- Technology stocks in Asia-Pacific declined on Wednesday, mirroring losses seen among their peers on Wall Street.
- The broader Asia-Pacific markets also declined on Wednesday.
- The yield on the benchmark 10-year Treasury note last sat at 2.605%, well above the 2-year Treasury note's yield of 2.5653%.
SINGAPORE — Technology stocks in Asia-Pacific declined on Wednesday, mirroring losses seen among their peers on Wall Street following an overnight surge in the U.S. 10-year Treasury yield.
In Japan, shares of SoftBank Group shed 2.81%. Over in South Korea, Kakao shares declined 2.33% and Naver slipped 3.65% while SK Hynix fell 3%.
Those losses in Asia came after the tech-heavy Nasdaq Composite lagged overnight on Wall Street, dropping 2.26% to 14,204.17.
The broader Asia-Pacific markets also declined on Wednesday.
Hong Kong's Hang Seng index dropped 1.87% on the day to 22,080.52. Hong Kong's chief secretary John Lee resigned on Wednesday, two days after incumbent Hong Kong leader Carrie Lam announced Monday she will not pursue a second term in office. Local media reports have cited unnamed sources saying Lee is set to join the chief executive race.
Mainland Chinese stocks closed mixed as they returned to trade following holidays earlier in the week. The Shanghai composite was marginally higher at 3,283.43 while the Shenzhen component shed 0.45% to 12,172.91.
Chinese services sector activity saw a sharp contraction in March, a private survey showed Wednesday. The Caixin services Purchasing Managers' Index declined to 42.0 in March, well below February's reading of 50.2 as well as the 50 mark that separates growth from contraction on a monthly basis. Wednesday's reading was also the lowest since February 2020.
That data release comes as China continues to battle its worst Covid outbreak since the beginning of the pandemic in early 2020.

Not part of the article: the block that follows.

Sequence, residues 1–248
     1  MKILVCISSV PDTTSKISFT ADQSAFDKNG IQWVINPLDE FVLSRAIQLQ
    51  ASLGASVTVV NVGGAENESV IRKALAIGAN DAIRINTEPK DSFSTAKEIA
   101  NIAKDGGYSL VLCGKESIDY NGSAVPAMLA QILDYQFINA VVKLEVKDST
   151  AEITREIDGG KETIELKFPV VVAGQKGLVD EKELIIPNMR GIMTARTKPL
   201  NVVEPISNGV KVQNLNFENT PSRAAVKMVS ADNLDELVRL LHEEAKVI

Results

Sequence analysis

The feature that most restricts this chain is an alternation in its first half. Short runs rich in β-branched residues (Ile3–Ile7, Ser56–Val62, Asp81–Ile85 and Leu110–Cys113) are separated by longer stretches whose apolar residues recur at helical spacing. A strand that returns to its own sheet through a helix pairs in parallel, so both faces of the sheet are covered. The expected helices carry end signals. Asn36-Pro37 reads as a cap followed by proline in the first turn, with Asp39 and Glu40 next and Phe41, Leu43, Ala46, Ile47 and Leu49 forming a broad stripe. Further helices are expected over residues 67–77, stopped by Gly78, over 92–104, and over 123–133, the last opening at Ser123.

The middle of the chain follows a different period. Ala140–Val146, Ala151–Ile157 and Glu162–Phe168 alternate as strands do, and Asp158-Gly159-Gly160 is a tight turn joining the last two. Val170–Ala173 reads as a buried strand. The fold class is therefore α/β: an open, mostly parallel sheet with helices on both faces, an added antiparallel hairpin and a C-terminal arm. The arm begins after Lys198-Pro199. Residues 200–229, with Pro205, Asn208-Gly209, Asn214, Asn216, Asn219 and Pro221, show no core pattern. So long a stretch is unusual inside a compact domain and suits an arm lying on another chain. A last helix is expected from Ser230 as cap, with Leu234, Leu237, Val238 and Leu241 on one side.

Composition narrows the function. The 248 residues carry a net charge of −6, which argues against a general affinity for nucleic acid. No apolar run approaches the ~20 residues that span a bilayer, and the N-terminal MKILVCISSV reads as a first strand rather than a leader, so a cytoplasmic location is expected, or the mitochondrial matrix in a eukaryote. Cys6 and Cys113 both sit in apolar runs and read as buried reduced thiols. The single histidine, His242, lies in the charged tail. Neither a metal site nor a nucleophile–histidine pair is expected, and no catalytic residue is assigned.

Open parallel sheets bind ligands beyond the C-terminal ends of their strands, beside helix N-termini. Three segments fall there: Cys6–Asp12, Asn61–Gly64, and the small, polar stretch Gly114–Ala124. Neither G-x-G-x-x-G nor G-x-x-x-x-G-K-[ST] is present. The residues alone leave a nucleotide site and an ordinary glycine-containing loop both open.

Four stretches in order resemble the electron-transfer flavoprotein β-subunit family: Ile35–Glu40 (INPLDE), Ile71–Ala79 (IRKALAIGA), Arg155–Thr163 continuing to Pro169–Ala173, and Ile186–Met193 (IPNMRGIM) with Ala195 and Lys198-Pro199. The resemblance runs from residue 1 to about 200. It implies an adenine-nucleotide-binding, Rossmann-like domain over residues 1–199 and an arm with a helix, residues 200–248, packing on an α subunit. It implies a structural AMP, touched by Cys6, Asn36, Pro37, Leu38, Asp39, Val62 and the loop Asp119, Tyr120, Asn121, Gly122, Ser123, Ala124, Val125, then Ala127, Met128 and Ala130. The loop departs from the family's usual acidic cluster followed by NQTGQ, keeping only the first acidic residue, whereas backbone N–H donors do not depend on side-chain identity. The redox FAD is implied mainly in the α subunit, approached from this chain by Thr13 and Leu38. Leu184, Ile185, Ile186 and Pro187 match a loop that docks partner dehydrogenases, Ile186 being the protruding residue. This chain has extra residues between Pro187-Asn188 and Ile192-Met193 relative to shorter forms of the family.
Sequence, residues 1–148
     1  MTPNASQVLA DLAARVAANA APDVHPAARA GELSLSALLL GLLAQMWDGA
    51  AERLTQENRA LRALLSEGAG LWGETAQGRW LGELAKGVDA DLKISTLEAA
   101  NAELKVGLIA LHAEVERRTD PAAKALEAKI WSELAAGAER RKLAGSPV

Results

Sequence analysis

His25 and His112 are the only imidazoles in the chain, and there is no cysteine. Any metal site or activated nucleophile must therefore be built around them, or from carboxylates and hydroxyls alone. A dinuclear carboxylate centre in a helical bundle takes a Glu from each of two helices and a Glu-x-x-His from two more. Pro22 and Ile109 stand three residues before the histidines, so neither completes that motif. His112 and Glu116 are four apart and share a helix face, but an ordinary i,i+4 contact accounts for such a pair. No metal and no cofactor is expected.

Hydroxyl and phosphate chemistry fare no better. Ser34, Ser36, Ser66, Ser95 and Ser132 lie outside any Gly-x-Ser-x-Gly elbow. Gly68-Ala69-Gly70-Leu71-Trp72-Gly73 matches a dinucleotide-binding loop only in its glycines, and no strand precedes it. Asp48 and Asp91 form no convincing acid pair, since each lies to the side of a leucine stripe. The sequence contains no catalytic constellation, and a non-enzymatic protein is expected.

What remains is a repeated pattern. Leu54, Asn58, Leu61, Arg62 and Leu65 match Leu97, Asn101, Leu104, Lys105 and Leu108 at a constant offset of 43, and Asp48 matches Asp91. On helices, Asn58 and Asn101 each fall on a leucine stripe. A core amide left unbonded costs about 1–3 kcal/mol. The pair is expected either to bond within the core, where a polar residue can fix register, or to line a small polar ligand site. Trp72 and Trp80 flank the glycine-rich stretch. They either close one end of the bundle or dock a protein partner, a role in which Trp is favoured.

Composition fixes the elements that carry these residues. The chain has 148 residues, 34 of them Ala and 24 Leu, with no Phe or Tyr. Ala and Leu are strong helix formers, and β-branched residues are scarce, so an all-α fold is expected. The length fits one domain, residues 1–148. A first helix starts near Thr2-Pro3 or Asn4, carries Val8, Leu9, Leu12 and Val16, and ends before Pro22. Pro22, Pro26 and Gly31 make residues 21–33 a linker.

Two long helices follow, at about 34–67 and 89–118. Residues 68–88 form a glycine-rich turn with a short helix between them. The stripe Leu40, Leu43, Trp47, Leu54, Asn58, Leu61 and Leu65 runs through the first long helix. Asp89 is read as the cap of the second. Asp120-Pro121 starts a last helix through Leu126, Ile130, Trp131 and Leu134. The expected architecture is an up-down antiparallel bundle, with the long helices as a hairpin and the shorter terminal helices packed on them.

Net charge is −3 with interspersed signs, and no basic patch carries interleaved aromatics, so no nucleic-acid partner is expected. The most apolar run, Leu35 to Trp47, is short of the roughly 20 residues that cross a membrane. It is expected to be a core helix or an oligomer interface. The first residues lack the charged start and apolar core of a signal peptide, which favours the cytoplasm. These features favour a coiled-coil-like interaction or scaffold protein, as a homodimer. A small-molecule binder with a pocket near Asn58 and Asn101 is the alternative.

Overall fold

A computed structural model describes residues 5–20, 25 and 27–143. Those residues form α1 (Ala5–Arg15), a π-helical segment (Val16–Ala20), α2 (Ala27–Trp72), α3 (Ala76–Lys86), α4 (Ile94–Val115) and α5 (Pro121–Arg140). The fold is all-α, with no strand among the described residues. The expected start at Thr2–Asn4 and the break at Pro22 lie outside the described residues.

"The Covid-zero policy is probably the most important uncertainty that we're watching at Eastspring right now but generally speaking, we do think there's a good opportunity for investors that want to get back in to China," Sarah Lien, client portfolio manager at Eastspring Investments (Singapore), told CNBC's "Street Signs Asia" on Wednesday.
"Even though … there's a lot of worry in the markets, we do think it's priced in, we do think there're opportunities … and we think China's just a great diversifier … in global portfolios," Lien said.
Elsewhere, the S&P/ASX 200 in Australia declined 0.5%, closing at 7,490.10.
MSCI's broadest index of Asia-Pacific shares outside Japan dropped 1.25%.
Investors continued to monitor moves in U.S. Treasurys on Wednesday. The 10-year Treasury rose to its highest level since May 2019 on Tuesday, hitting a high of 2.562% before settling at 2.55%.
The yield on the benchmark 10-year Treasury note last sat at 2.605%, well above the 2-year Treasury note's yield of 2.5653%. Yields move inversely to prices.
A topping of the 2-year Treasury yield against the 10-year rate, which happened last week before the recent reversal, has historically been observed ahead of recessions.
The 10-year Treasury yield jumped overnight after comments from U.S. Federal Reserve Governor Lael Brainard suggested an aggressive approach to shrinking the central bank's balance sheet.
"Brainard peppered her comments on balance sheet reduction with adverbs that added to the hawkish perception. In addition, that the reduction may start in May is earlier than expected," Frances Cheung and Terence Wu of Singapore's OCBC Treasury Research wrote in a note.
"We are likely not at peak-hawk at the Fed yet. This dynamic could still extend," they said.
The U.S. dollar index, which tracks the greenback against a basket of its peers, was at 99.621 following a recent jump from below 99.
The Japanese yen traded at 123.85 per dollar, weaker as compared with levels below 123.3 seen against the greenback yesterday. The Australian dollar changed hands at $0.7581 after a recent drop from above $0.762.